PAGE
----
Campaign group referring Greater Manchester Police to watchdogs over letters barring people from Carnival

The letters barring certain individuals from Carnival, due to the police perceiving them to have links to criminal activity or threats of violence, were greeted with angry accusations of racism.

A campaign group is referring Greater Manchester Police to watchdogs over letters it sent barring a number of people from the Manchester Caribbean Carnival.

The move to tell dozens of individuals they would not be permitted to enter the festivities in Alexandra Park on Saturday 13 August and Sunday 14 August over perceived links to threats of violence or criminal activity sparked fury and accusations of racism from organisations in the city.

Now Justice, which campaigns for human rights and legal reform, says it is passing on the matter to the authorities and demanding they look at the police’s actions.

The organisation has also asked Greater Manchester Mayor Andy Burnham to speak out on the issue.

What is the nature of Justice’s intervention in the racism row?

The authorities have already been strongly criticised by groups in Manchester such as the Northern Police Monitoring Project (NPMP), who claimed the letters preventing people attending Carnival were racist.


However, Greater Manchester Police (GMP) and Manchester City Council defended the move, saying it was something that has been used for a number of years and is a safety measure for the event.

Now, though, Justice is taking the matter further and wants the police’s use of the letters to be investigated.

The organisation said on Friday (12 August) that it is referring the issue to the Equality and Human Rights Commission (EHRC), the Independent Office for Police Conduct (IOPC) and HM Inspectorate of Constabulary and Fire Services,

Justice said it also wanted Mr Burnham to hold the police to account for its actions.

Why is Justice doing this?


Justice said it initially joined with 11 organisations at the end of July to demand the authorities retract the letters barring people from attending the Carnival.

It said it was “deeply disappointed” by a response from the police and council defending the use of the bans.

Justice says the letters have a discriminatory impact on Black, Brown and other minority communities and described the use of the term “gangs” to define who was being prevented from entering the Carnival site as “vague and undefined”.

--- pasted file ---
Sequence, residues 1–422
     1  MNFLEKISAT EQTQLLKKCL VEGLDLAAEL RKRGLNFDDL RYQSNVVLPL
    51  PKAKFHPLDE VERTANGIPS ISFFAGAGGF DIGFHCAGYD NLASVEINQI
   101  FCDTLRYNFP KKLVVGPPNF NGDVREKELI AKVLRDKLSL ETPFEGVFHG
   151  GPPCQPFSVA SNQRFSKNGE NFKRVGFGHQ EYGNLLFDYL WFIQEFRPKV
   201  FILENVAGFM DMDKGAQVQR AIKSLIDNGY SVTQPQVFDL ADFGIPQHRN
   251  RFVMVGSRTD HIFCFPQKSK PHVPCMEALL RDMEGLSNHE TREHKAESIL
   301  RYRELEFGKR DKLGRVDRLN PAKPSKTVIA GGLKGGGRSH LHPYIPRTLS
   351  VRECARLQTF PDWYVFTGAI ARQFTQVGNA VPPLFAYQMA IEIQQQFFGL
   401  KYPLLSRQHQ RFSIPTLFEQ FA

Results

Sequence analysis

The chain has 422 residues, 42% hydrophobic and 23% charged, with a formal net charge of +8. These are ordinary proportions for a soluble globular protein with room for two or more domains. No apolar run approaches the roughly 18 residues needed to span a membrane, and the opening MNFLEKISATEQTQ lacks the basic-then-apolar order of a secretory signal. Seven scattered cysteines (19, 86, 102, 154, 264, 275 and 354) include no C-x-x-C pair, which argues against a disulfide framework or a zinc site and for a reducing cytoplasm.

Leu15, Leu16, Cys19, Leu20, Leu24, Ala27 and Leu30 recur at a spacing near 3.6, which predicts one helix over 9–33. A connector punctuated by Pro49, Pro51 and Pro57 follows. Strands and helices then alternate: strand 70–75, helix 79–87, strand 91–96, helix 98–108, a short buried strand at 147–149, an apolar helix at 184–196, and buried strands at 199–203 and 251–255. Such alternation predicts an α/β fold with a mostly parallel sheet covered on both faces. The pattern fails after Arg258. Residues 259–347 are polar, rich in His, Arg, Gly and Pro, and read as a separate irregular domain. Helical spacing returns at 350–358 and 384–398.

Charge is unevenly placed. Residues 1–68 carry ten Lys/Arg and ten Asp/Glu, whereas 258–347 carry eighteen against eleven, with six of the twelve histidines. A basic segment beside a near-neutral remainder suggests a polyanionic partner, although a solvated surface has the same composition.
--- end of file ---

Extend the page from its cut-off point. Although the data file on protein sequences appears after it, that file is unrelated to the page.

It also questioned how the policy fits in with the authorities’ aims and objectives around racial equality as well as their legal obligations around human rights and equality.

Justice’s criminal justice lawyer, Tyrone Steele, said: “This policy demonstrates that Black, Brown and racialised children and young adults continue to suffer from criminalisation at the hands of the police.

“As well as being racist and discriminatory, the policy is plainly unlawful.


“The response from Greater Manchester Police and Manchester City Council demonstrates that the force is not committed to earning the trust of marginalised communities. Everybody deserves to attend the Carnival free from discrimination.”

What have the authorities said?

ManchesterWorld has approached all the authorities identified by Justice for comment. The IOPC said that a complaint would first have to be made to GMP, which would then have to refer it on to the body overseeing police forces’ conduct if it met the criteria for doing so.

A spokesperson for the Equality and Human Rights Commission said: “The EHRC receives complaints each week about allegations of unlawful activity contrary to the Equality Act 2010. We consider each complaint carefully and take action where appropriate.”

Previously, the police and council said that since 2006 measures such as the letters have been used to ensure public safety at the Carnival.


Police said that in the past there had been a number of incidents of violence at the festivities, and as a licensed event it was subject to conditions of entry to reduce harm and anti-social behaviour.

The police said the local authority, licensing and the area’s Independent Advisory Group all backed the approach.